It was with great excitement that I attended the Innovator’s Summit on the first day of RootsTech 2014. I have seen enough of what our techie friends can do to know that there would be some fun new develops to get excited about. It’s one of the highlights of RootsTech.
This year there were 3 finalists vying for winner status in the competition for the most innovative technology. There were some great ideas that were all considered for this completion. But I have to say that out of all the technology ideas that were presented, the facial recognition technology of Photo Face Match was what was most intriguing for me.
The idea of facial recognition is not new. It has been the subject of dozens of futuristic action movies and novels. The idea is exciting, but it’s always been technology itself that has stopped us from having such a power tool. Well, it looks like it might be at our doorstep.
PhotoFaceMatch is one of the companies that was in this year’s competition for winning the RootsTech Developer’s Challenge. I am not on the committee to choose the winner of this challenge so I am free to voice how I feel about this technology. PhotoFaceMatch is being developed by Charley Smart & Steve Miller of Eclipse Identity Recognition Corporation. They use facial recognition technology to analyze a collection of digital images to automatically detect common features of everyone in the images.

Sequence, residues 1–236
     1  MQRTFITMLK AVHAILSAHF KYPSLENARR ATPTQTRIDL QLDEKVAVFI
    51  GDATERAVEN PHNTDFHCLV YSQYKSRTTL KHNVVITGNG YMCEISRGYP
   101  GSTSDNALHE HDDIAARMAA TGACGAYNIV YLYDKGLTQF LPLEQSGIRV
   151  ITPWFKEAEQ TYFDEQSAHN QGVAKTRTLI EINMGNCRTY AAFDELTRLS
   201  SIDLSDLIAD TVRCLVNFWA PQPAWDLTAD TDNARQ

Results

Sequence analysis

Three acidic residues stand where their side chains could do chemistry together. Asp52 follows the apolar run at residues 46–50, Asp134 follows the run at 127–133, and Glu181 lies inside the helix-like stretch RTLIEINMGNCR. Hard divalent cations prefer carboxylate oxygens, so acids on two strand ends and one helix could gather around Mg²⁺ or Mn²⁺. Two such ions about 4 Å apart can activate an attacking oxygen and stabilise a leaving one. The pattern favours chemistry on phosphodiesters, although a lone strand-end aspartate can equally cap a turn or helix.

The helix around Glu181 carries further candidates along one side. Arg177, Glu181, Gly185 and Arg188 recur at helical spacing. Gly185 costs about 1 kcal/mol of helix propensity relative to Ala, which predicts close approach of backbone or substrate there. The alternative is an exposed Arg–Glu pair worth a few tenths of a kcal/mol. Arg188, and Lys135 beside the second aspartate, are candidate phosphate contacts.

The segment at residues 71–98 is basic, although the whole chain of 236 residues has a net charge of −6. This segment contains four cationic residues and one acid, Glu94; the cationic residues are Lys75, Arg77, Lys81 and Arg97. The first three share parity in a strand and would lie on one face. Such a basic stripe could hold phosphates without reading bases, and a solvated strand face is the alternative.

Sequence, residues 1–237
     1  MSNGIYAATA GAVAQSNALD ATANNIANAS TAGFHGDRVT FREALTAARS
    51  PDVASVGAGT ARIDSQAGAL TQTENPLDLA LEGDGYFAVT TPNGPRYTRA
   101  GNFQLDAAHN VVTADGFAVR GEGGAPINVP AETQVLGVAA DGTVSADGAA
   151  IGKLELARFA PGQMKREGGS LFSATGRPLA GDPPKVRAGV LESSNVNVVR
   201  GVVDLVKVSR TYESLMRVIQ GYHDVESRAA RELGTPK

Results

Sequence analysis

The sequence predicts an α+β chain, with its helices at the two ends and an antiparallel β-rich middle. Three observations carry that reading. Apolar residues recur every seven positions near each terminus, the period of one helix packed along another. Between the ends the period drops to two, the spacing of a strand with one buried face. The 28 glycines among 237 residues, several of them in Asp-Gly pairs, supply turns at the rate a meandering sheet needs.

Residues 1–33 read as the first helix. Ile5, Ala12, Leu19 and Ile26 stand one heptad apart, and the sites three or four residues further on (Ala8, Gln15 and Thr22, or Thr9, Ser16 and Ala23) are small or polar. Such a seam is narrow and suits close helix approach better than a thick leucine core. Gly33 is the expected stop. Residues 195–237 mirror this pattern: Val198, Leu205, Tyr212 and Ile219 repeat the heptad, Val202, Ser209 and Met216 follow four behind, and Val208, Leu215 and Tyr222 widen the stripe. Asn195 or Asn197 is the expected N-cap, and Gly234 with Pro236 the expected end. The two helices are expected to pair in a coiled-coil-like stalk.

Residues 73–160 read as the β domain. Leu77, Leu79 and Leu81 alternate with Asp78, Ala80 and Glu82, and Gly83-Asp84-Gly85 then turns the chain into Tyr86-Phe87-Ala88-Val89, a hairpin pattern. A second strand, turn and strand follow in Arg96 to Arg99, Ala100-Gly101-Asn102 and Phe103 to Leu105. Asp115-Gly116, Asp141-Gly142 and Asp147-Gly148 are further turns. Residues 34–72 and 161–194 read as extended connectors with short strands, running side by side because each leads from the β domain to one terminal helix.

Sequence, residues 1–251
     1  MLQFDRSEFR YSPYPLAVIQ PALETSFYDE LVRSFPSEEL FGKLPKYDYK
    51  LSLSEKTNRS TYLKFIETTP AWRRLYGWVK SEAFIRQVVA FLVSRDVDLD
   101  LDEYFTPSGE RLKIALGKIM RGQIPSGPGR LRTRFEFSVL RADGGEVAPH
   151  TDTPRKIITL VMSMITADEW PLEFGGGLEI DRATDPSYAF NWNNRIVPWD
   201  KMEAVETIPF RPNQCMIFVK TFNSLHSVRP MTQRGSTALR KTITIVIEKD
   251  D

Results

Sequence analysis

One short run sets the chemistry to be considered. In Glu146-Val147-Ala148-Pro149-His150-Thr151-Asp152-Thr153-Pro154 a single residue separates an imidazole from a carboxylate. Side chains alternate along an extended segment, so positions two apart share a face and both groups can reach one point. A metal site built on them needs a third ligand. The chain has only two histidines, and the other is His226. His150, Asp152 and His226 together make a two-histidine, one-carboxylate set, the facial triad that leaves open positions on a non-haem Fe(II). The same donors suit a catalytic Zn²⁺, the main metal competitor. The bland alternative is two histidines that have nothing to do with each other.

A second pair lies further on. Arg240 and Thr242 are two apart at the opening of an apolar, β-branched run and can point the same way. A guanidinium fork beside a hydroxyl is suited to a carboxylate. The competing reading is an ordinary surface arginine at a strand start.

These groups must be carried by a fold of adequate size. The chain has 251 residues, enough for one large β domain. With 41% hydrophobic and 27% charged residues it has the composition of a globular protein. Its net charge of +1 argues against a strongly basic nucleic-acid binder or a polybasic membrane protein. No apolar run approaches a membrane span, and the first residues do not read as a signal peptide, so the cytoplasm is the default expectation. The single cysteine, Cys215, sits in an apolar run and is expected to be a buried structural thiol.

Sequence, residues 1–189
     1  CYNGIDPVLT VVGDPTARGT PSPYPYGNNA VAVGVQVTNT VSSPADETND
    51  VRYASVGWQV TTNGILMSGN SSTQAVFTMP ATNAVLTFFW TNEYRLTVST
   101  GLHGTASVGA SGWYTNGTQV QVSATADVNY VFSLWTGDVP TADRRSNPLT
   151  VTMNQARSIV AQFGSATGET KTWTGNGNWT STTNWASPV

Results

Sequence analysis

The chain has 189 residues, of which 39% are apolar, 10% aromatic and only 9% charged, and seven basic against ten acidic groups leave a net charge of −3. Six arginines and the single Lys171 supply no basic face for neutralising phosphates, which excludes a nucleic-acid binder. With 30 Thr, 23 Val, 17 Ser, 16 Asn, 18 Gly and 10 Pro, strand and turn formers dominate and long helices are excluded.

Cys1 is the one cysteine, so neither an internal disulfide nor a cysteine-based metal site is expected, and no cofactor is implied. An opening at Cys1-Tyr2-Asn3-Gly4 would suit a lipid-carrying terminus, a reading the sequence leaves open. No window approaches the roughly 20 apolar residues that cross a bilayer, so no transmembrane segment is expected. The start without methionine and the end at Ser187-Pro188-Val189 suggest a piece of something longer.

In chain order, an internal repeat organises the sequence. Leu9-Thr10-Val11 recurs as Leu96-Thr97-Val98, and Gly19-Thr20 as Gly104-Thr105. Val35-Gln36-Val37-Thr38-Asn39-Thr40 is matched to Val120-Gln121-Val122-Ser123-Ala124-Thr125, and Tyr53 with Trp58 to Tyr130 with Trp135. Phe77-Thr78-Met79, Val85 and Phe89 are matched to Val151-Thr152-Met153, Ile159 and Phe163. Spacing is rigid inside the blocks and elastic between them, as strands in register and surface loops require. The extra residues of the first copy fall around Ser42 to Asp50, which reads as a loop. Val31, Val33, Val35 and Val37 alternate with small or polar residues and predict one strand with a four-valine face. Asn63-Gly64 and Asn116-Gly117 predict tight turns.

PhotoFaceMatch allows users to select one or more photographs of a known individual and compare them with others to determine the likelihood that the two are the same person. This can be used as a tool to help identify unknown individuals. Perhaps most notable to genealogists is recognizing the same person at various ages.
I have seen websites online sites that have thousands of photographs without names or any other important identifying information. Their intent is to help find someone who might recognize a photograph and legitimately claim them as one of their own ancestors. How great would that be! I have in my own private photo collection dozens of old pictures from the 1800s who stare back at me with nameless faces. I have no idea who they are but would love out who they are.
Of course, there is still a lot of work that needs to go into making this kind of technology work. But I hope that it develops quickly. Imagine what a valuable tool this would be for genealogists and family historians. For myself, I want to know who those nameless faces are in my photograph collection are.